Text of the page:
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Britain must change


The British people have been failed. Failed by an electoral system that does not represent the majority of us, and is a lead weight holding back the movement for change in this nation. A system that has ushered in a government that is ruling us completely with the approval of just 36.9% of the electorate.

This election looked so promising. We witnessed the Green Surge, and the meteoric rise of the SNP. Even though they are widely disliked and hold views that are questionable at best, UKIP too signalled that people are tired of the main parties. For a few weeks, there was hope. It seemed like we could see a viable alternative, that the small parties whose membership and support was rocketing might have an influence in the next government.

How wrong we were.

The ‘first past the post’ system, that seems so logical at a cursory glance, is actually deeply, deeply flawed. Take a look at the breakdown of election results from the Guardian here. While the Conservative Party got only 36.9% of the vote, nowhere near gaining the support of a majority of the electorate, they got the lion’s share of seats with an overall majority and thus complete power. Similarly, while the Green Party were just 1% behind the SNP in votes, they got one seat compared to the SNP’s 56.

We in Britain are currently facing a crisis of voter engagement. The people of Britain, particularly young people, are becoming disenfranchised and disinterested with a government that consistently fails to represent them or their interests. Many people, myself included, felt forced to vote tactically for a party they disliked just to keep out a party they dislike even more. While when the FPTP system was used in the 1800s, people tended to vote much more along with other people in their area, we now not only move around the country much more but also tend to view ourselves politically along identity lines which are national and international. A well placed spread of Conservative voters and the proliferation of tactical voting has prevented millions of people from having their voice heard, and the British public will not tolerate much more.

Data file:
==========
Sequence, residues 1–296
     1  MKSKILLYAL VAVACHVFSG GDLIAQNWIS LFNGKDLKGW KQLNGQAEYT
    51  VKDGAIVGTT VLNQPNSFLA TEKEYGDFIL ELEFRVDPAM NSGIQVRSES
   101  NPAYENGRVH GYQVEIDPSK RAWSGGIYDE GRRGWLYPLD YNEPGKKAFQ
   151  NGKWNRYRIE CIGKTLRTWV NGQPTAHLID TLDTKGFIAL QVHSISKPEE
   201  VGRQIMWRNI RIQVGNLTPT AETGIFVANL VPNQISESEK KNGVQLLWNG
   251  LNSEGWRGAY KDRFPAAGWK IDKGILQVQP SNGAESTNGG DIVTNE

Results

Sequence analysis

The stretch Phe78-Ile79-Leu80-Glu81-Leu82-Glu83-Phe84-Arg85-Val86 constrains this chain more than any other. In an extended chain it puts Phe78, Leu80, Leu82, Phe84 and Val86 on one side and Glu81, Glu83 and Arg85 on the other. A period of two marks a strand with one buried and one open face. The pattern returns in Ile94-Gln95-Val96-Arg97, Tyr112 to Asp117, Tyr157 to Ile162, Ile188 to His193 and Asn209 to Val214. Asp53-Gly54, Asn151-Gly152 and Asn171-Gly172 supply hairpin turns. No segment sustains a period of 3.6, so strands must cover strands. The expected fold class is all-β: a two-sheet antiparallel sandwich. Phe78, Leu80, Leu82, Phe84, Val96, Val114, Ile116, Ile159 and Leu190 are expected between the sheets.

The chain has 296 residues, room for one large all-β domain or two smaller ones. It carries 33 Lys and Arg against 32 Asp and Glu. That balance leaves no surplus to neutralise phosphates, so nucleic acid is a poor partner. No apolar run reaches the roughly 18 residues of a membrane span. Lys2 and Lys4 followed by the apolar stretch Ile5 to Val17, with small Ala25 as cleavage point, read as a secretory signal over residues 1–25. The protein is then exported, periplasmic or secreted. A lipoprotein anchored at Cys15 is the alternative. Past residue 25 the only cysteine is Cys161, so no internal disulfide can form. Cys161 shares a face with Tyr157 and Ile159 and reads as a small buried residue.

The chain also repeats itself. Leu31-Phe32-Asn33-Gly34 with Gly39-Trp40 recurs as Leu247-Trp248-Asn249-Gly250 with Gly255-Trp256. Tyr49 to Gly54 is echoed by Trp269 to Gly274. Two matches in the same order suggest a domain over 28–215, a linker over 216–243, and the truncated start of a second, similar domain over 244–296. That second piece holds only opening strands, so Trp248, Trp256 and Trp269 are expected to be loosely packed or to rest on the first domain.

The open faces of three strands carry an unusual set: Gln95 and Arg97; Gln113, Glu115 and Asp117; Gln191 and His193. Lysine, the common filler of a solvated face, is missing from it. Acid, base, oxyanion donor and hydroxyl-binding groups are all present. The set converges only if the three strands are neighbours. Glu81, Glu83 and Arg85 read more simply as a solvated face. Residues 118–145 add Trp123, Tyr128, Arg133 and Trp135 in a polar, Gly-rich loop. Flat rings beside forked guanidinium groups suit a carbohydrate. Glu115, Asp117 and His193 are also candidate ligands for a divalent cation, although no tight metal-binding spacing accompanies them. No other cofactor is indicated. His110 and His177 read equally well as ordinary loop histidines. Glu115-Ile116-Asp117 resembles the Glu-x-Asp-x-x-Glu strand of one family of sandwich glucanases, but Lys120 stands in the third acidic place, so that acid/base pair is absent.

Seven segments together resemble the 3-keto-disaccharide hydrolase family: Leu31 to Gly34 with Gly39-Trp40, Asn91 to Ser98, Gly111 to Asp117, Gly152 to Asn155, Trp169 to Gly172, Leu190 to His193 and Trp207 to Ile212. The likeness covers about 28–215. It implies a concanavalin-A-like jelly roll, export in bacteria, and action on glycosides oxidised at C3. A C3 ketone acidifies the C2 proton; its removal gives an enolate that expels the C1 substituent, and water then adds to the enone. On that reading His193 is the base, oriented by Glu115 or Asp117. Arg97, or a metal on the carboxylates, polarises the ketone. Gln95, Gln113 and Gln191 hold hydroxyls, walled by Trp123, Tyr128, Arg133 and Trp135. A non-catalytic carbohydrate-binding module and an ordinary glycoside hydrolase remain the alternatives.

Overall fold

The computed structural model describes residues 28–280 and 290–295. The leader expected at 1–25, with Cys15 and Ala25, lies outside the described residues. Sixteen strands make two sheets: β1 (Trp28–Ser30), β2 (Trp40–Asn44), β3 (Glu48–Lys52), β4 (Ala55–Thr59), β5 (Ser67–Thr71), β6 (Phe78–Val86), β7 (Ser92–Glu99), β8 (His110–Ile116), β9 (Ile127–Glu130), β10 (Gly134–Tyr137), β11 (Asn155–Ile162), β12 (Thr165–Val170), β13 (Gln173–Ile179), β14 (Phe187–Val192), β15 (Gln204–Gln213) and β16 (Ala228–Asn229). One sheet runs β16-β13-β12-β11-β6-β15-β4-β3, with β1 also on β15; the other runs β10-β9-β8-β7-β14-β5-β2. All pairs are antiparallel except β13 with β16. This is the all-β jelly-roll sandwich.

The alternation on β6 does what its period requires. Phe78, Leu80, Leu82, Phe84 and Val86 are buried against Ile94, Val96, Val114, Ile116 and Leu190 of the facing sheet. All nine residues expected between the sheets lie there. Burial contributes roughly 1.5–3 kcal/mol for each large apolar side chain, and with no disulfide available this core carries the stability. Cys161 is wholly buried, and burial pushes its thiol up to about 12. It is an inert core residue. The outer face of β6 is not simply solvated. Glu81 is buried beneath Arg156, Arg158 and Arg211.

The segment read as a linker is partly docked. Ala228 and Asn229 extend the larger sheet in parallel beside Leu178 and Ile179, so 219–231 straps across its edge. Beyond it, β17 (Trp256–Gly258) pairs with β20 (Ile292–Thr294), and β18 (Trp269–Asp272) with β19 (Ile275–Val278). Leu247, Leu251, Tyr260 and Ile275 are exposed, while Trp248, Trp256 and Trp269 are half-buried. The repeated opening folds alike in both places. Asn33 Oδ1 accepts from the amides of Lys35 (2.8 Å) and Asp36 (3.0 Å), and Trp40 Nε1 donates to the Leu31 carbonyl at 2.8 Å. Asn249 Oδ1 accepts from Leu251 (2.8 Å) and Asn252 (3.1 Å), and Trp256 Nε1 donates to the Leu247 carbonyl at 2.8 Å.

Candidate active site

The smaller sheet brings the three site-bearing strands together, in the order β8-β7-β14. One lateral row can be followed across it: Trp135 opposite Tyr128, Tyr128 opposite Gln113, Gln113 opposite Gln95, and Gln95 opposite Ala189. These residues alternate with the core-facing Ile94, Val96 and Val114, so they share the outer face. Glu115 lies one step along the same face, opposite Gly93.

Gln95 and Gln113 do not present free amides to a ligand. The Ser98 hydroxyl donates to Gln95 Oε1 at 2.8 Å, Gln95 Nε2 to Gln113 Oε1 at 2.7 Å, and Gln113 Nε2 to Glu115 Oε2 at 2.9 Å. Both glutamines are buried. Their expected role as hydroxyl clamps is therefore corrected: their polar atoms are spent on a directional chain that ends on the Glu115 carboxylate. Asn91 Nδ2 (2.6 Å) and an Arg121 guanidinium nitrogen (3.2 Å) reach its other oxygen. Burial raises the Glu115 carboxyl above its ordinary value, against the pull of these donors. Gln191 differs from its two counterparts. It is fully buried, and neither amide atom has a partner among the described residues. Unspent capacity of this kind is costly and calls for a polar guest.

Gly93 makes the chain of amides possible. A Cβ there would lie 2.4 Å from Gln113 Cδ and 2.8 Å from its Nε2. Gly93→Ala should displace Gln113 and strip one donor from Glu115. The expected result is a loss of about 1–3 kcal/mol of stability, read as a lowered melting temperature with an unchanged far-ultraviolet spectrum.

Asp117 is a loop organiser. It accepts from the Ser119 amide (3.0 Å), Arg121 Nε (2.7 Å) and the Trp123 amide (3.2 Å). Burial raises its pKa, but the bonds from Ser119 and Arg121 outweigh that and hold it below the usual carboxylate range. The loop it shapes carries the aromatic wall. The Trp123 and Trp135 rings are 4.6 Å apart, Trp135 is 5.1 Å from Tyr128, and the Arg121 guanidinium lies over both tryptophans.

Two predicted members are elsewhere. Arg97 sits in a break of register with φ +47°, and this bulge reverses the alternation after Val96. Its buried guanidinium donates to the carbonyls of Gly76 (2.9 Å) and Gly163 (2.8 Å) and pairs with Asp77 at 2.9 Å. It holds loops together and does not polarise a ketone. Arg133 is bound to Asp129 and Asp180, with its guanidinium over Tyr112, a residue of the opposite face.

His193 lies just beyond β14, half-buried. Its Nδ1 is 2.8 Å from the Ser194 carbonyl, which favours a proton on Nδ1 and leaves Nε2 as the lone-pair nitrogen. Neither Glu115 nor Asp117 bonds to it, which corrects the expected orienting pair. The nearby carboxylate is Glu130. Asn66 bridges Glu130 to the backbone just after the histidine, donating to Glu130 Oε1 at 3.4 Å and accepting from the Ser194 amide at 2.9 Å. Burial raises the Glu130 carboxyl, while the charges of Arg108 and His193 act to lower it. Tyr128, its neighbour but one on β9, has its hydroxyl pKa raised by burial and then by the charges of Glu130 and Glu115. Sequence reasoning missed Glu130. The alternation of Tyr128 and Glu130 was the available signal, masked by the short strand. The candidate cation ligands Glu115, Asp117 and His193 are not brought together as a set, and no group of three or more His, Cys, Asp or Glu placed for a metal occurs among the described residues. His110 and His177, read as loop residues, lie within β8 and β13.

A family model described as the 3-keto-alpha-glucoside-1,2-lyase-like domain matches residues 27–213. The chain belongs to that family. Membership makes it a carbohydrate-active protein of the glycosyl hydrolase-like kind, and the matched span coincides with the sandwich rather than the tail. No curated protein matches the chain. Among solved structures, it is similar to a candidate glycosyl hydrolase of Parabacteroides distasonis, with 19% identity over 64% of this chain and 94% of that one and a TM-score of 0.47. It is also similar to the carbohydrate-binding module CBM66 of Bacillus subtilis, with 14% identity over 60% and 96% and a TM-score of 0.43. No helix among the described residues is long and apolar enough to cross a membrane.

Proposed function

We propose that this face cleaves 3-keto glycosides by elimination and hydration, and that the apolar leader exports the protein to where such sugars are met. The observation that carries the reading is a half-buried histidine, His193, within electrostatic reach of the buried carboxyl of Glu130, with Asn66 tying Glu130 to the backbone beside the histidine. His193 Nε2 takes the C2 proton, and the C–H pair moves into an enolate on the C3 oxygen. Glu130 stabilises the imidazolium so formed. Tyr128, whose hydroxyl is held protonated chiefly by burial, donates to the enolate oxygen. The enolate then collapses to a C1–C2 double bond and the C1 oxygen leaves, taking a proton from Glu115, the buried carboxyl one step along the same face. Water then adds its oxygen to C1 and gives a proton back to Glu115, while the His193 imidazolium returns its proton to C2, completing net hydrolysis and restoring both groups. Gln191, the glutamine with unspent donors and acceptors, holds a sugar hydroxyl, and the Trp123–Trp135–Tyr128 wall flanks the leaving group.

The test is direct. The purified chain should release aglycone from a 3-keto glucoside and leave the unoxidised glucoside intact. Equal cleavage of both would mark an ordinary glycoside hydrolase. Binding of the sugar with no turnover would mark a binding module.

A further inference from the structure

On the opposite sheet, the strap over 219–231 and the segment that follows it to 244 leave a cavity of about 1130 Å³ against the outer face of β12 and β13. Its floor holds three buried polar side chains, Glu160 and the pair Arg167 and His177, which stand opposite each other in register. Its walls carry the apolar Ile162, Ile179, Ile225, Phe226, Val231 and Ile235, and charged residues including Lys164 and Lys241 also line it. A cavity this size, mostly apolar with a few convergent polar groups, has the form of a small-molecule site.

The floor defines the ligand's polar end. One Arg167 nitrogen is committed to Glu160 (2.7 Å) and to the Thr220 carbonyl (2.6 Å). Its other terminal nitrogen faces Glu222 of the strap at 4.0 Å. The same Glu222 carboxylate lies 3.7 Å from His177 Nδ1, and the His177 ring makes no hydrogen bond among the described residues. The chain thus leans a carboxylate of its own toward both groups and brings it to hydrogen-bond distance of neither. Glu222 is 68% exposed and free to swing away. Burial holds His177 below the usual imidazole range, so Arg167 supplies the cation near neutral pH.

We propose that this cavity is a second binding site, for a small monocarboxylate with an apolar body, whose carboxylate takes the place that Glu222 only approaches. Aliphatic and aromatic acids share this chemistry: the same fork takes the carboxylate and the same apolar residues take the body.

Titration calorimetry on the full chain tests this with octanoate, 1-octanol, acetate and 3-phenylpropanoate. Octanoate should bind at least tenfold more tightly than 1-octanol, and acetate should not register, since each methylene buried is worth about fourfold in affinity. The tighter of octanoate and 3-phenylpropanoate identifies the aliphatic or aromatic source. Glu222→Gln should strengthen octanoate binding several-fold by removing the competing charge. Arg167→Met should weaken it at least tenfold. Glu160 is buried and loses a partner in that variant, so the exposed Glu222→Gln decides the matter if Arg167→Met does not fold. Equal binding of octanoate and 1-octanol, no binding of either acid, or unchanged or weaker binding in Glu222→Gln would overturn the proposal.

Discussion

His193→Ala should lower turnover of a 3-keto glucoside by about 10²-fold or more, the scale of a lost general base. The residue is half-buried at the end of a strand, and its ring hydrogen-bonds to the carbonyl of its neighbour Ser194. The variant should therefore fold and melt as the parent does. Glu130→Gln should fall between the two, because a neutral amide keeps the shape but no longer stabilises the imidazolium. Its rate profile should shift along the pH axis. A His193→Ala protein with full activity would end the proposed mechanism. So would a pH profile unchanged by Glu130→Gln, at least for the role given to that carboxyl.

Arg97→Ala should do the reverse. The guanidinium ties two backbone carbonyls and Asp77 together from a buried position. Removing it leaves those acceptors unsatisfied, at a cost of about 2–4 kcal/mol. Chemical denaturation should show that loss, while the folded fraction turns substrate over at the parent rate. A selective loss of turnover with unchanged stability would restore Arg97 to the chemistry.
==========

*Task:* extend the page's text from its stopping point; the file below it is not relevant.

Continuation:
There are some who say that the current voting system is fine, and they often particularly point to the fact that it has prevented UKIP from gaining seats. Now, I disagree with UKIP on pretty much everything. I think they are preying on people’s fears and stirring up hatred in a country which I love for its openness and tolerance. But how do we expect to win people over from the far right if what we say and do just backs up their arguments? If we claim to be democrats, we cannot refuse to change a voting system where 12% of people in the country are given just one seat in Parliament, just because we happen to disagree with them. Stifling people’s voices will not win them over, it will just encourage people to flock to extremes, and it is painfully undemocratic.

And to those who say that this sentiment just stems from bitterness at the Conservative victory: I challenge you. If you care about democracy in this country, don’t settle for a government with 36.9% of the vote: join the movement for a new voting system which will give the Tory party the representation it deserves too. You cannot ignore a crisis of legitimacy in this country just because a party you approve of has happened to win this election. Who knows what party will come to power next time – it may well be your vote that is one of the wasted. People of all parties and across the political spectrum should be rallying to force the state to truly represent the wishes of the British people.

We are witnessing a crisis of governmental legitimacy. The Power Inquiry, an excellent investigation into voter disengagement in the UK, warns that we are heading towards a society in which “the processes of democracy, including general elections, become empty rituals.” If the voting system does not change, we will be stuck with a series of governments that do not reflect the will of the people. And who knows what will happen when the British people have had enough of a government that no longer represents them.